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Canada Gets an "A" in Education, But Needs to Fix Links Between Post-Secondary Schooling and Workforce

Canada’s system of education and skills remains one of the best in the world, but needs to do much better at matching what Canadians learn to evolving labour market needs.

Ottawa, March 27, 2013—Canada’s system of education and skills remains one of the best in the world, but needs to do much better at matching what Canadians learn to evolving labour market needs.

Canada ranks second only to Finland among 16 developed countries in The Conference Board of Canada’s Education and Skills report card. As part of its overall “A” grade, Canada earns “A”s on seven of 20 indicators – including the second-highest rate of high school completion, and the top rate of college completion. 

This is an image of Canada's Education report card. “Canada gives its students a first-rate education at the primary and secondary levels,” said Daniel Muzyka, President and CEO, The Conference Board of Canada. “Our priority must be to build on this strong foundation to make Canada more innovative, competitive, and dynamic.”

“A pressing need is to strengthen the links between high school and the post-secondary system. Within the post-secondary system, we must improve coordination among offerings, thereby creating better pathways to workplaces, jobs and careers. And Canadian employers need to step forward with increased resources for education and retraining of their workers.”

Canada’s university completion rate is a “B” grade. In the United States, which gets an “A” grade on this indicator, people may be more motivated to compete university because of the high returns on their university investments.

Canadian university graduates get a comparatively lower payback for their educational investment, according to two new indicators. Canada gets a “B” for return on investment in post-secondary education (women), and “C” for return on investment in post-secondary education (men). On another new indicator, Canada has relatively significant gender gap in tertiary education – for every 100 women who graduate from universities and colleges, only 83 men do so.

And Canada continues to get a “C” grade for percentage of university graduates in science, math, computer science and engineering, and a “D” in the number of PhD graduates.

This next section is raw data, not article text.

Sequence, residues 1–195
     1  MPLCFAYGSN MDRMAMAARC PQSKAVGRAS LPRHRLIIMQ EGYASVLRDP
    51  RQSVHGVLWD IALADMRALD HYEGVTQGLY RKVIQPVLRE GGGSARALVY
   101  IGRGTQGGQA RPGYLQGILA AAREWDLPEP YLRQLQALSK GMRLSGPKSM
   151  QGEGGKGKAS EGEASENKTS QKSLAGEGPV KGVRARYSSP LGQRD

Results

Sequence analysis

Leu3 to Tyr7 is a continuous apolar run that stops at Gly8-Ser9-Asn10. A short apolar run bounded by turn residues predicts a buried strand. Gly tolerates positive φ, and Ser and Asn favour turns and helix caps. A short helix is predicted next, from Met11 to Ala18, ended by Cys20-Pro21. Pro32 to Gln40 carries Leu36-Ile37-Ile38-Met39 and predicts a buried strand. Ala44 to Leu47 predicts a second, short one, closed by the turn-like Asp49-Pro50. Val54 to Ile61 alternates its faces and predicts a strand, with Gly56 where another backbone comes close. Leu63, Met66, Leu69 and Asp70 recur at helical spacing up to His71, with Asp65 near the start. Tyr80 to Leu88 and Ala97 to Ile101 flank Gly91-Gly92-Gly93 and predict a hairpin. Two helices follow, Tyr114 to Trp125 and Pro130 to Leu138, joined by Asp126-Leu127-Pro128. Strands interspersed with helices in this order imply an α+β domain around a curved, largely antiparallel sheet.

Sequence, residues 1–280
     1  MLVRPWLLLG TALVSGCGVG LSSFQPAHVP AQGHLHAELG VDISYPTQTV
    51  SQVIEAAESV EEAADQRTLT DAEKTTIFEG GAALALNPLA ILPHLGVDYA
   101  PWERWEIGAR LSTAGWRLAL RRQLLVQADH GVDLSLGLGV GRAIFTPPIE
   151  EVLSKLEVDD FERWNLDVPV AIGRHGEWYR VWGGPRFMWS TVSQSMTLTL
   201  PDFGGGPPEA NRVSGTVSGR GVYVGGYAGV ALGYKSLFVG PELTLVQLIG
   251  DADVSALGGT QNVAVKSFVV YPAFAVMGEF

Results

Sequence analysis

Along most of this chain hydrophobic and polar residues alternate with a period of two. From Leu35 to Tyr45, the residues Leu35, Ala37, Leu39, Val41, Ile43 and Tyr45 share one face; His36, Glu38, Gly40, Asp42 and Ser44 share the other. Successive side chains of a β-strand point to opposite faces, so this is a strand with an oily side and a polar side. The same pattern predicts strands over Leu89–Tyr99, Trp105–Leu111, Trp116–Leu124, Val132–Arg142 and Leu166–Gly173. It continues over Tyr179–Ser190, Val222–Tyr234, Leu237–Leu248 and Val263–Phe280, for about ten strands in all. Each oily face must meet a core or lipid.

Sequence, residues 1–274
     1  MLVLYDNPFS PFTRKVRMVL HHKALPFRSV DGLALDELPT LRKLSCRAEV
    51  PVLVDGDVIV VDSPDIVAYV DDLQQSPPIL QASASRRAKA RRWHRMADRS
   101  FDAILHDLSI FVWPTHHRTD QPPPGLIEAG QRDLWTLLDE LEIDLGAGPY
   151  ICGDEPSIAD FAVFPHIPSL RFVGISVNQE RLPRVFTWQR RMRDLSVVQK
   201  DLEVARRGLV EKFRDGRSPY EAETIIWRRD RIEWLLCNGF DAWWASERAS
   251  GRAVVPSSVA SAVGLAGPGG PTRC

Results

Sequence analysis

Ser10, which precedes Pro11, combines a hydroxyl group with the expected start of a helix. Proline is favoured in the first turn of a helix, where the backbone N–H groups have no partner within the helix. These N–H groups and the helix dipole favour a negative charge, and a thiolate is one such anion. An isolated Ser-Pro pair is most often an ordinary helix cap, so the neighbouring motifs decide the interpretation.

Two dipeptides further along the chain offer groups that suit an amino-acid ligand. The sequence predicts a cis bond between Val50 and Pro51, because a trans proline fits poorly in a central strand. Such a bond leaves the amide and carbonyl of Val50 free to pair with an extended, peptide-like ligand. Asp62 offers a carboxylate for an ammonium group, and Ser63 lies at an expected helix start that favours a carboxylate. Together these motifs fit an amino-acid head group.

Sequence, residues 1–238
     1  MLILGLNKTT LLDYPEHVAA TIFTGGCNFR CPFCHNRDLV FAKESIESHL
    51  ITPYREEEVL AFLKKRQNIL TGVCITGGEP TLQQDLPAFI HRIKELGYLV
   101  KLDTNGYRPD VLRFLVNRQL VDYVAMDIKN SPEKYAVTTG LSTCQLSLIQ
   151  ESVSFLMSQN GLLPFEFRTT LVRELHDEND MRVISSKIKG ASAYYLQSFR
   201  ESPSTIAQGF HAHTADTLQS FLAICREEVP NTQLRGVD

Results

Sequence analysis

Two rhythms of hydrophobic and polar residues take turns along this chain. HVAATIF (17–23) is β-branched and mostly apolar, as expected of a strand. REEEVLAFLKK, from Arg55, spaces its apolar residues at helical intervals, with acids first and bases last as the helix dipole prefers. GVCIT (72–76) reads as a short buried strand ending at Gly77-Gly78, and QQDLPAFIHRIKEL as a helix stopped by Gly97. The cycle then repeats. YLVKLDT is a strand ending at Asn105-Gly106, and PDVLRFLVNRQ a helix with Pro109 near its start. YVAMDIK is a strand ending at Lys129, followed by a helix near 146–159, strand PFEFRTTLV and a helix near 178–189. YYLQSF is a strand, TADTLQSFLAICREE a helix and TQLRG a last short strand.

“Even though the number of PhD graduates has grown by three per cent annually over the past decade, we are still second-to-last among our peers on the PhD graduate rate, and our share of graduates in math, science, computer science and engineering is declining,” said Muzyka.

The Conference Board of Canada is launching a Centre on Skills and Post-Secondary Education to investigate how Canada can meet its rising skills needs through broad changes to its post-secondary system. 

Canada earns an “A” grade on two other new indicators to the report card:

  • the difference in reading test scores between 15-year old students in the most and least disadvantaged schools; and
  • equity in learning outcomes in reading between Canadian-born students (who speak the language of the test at home) and the children of immigrants (who do not speak the language of the test at home).

The final two new indicators are the foreign student index, where Canada gets a “B” grade; and adult participation in non-formal job-related education, where Canada gets a “C” grade and ranks 10th of 15 countries. 

This relatively low grade on non-formal job-related training illustrates how Canada lags in workplace skills training and lifelong education. Canadian employers’ investments in workplace training programs lag far behind European and U.S. competitors, and only a very small percentage of what they do invest—less than two per cent—goes to basic literacy skills.

Listen to an interview with Daniel Muzyka on the Education Report Card.

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